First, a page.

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Black squirrel 'super' species? No, just a darker shade of grey

The Guardian logo The Guardian 13/08/2019 Patrick Barkham
a squirrel standing on grass: In Britain, black squirrels were imported from North America and then escaped from private zoos. © PA In Britain, black squirrels were imported from North America and then escaped from private zoos.

In popular myth they are an aggressive new “super” species pushing out the grey squirrel just as it has displaced the red squirrel.

But the black squirrels seen scampering through southern England are a form of grey squirrel created by wild interbreeding between greys and fox squirrels in North America, according to research.

Black squirrels are the same species as the grey but acquired their coat via a faulty pigment gene identical to that found in the fox squirrel, a closely-related species which is also native to North America and has black variants.

Dr Helen McRobie of Anglia Ruskin University worked with colleagues from the University of Cambridge and the Virginia Museum of Natural History in the United States to test DNA from grey and fox squirrels across North America.

Black squirrels are the same species as the grey one Black squirrels are the same species as the grey one

They discovered that other “signatures” on the mutated gene are more closely related to the fox squirrel, suggesting it is highly likely the mutation first arose in the fox squirrel and passed to the grey through interbreeding.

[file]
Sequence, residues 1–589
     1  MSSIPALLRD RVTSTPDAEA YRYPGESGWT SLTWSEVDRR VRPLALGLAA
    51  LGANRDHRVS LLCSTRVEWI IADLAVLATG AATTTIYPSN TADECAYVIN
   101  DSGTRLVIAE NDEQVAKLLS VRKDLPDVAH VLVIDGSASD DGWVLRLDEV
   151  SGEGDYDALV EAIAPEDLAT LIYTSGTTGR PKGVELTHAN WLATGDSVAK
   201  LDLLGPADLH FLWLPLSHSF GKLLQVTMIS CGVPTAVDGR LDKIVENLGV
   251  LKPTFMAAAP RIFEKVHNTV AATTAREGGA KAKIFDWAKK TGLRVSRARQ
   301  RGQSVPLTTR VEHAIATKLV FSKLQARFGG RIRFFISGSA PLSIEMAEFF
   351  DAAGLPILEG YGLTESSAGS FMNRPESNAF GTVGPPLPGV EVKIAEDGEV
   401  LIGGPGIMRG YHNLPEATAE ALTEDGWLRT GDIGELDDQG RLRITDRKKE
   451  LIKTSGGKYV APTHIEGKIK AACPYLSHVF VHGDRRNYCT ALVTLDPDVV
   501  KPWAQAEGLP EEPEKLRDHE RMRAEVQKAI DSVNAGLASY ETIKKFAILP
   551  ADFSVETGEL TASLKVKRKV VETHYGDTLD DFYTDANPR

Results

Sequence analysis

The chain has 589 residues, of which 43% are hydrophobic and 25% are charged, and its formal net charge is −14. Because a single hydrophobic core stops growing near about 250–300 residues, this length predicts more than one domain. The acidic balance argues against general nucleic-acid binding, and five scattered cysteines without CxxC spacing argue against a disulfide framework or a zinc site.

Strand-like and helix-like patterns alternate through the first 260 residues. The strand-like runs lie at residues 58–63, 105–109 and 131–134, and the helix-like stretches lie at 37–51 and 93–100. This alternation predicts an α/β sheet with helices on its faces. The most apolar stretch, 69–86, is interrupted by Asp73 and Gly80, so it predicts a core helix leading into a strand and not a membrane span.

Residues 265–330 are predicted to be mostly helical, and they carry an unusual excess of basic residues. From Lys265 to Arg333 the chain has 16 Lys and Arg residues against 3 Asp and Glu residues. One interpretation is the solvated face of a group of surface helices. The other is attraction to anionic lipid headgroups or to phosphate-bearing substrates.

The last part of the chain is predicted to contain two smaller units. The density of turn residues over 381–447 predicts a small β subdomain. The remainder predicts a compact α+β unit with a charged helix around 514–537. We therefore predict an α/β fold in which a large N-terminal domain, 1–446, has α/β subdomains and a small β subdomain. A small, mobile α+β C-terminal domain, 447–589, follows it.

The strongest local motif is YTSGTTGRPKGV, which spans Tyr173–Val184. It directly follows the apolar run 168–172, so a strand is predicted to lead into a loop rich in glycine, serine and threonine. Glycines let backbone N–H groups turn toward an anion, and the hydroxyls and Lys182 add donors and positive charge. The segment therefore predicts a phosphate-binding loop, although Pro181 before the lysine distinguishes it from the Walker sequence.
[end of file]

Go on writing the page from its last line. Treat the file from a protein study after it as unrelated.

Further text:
Dr McRobie said the most likely explanation for the black version of the gene being found in the grey squirrel was the result of a black fox squirrel joining a grey squirrel “mating chase” and mating with a female grey.

She added: “The fact black grey squirrels have become so common right across North America is possibly because black fur offers a thermal advantage, helping them inhabit regions with extremely cold winters. This may have contributed to the expansion of the grey squirrel’s range during the past 11,000 years, following the end of the most recent ice age, helping them spread further north into Canada.”

In Britain, black squirrels were imported from North America and then escaped from private zoos. The first was spotted near Letchworth in 1912 and black squirrels are today most commonly sighted across Hertfordshire, Bedfordshire and Cambridgeshire.

The spread of grey – and black – squirrels has caused the extinction of red squirrels in much of England because the native reds succumb to the squirrelpox virus, which is carried by greys but leaves them unscathed.

Gallery: 15 Squirrel Facts for Squirrel Appreciation Day (Mental Floss)

Another study in which grey squirrels on the Wirral were tested for squirrelpox every month has found that greys survive in the wild even when carrying the virus for months.

Prof Julian Chantrey and colleagues at the University of Liverpool tested more than 100 grey squirrels over a 16-month period. In research published in the journal Epidemics, they found the squirrelpox virus in more than 80% of grey squirrels, with greys repeatedly reinfected with the virus.

Chantrey said: “It shows that the virus is very widespread and greys are at a very high risk of introducing pox to red populations.”

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